prove 1/x is continuous at x = 0 or your proof doesn't mean shit you retard
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0^0=1 because [math]\lim_{x \to 0^+}x^x= 1[/math]
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>>9862912
It's not continuous at 0, but he didn't say or use contuinity at 0
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>>9862919
thanks.
>>9862912
apply yourself
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>>9862933
0/10 either underage faggot who doesn't know what a limit is or a shit bait
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>>9862945
where did I misuse limits?
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That's a good question op and since everyone in here is retarded I will try to not be. Zero to the zero is defined contextually as either one or zero when it makes things nice to work with, but is often left undefined due to the contradiction you've pointed out. The limit of x to the x certainly goes to one as x goes to zero from above so one seems like the best definition if it is to be defined at all. This result shows in some sense that one of the rules "wins out" in a reasonable race between them. Anyone making "exponentiation is repeated multiplication" arguments doesn't actually know what exponentiation is.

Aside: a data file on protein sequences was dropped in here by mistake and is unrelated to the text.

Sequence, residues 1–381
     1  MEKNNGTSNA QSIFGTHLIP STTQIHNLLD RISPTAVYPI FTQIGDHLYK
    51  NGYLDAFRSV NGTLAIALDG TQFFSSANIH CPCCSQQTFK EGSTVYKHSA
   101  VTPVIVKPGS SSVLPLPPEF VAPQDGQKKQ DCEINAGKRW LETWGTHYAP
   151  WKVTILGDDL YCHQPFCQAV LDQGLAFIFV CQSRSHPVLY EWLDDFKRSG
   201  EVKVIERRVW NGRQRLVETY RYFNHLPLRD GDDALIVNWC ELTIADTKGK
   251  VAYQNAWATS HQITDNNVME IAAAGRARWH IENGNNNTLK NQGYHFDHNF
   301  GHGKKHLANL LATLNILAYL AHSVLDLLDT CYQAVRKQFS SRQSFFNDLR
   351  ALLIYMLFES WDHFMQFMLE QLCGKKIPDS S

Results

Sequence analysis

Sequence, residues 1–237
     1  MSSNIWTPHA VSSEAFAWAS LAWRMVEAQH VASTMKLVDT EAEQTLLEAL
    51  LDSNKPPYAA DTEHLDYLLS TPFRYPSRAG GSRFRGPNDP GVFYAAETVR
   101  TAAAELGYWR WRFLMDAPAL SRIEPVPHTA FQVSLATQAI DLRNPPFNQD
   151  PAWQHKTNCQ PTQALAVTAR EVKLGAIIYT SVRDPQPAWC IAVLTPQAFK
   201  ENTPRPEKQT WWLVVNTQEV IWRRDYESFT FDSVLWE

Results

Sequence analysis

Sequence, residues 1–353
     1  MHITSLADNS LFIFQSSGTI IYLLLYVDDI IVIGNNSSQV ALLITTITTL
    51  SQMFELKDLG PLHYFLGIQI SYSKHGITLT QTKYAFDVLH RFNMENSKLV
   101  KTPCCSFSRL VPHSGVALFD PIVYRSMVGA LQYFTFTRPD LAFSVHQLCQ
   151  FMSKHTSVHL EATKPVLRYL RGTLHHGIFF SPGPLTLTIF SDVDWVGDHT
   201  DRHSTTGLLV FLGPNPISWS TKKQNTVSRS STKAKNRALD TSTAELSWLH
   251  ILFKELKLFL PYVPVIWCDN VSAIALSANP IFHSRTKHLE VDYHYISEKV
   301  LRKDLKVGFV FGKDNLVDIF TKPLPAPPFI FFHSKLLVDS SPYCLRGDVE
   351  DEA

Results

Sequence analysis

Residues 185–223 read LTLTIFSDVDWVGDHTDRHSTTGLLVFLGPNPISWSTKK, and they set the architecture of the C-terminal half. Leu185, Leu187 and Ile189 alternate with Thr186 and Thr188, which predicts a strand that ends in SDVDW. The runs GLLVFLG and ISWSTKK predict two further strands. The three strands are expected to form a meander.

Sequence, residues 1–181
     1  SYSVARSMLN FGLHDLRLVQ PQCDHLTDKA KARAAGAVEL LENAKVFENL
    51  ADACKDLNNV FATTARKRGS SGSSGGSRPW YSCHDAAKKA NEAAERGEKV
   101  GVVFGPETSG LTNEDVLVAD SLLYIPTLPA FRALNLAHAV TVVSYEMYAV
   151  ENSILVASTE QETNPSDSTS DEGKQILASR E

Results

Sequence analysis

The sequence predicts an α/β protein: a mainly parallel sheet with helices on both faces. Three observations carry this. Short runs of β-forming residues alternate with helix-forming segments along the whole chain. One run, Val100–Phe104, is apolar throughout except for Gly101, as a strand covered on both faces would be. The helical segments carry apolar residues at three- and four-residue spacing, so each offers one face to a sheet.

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>>9862945
He's taking to limit as x -> infinity, not x -> 0
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>>9862877
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>>9862964
What is exponentiation?
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>>9862966
unless you or anyone proves me wrong, this is the end of the thread.
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>>9862100

*frantically nervous about this thread*
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>>9862913
\thread
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>>9862967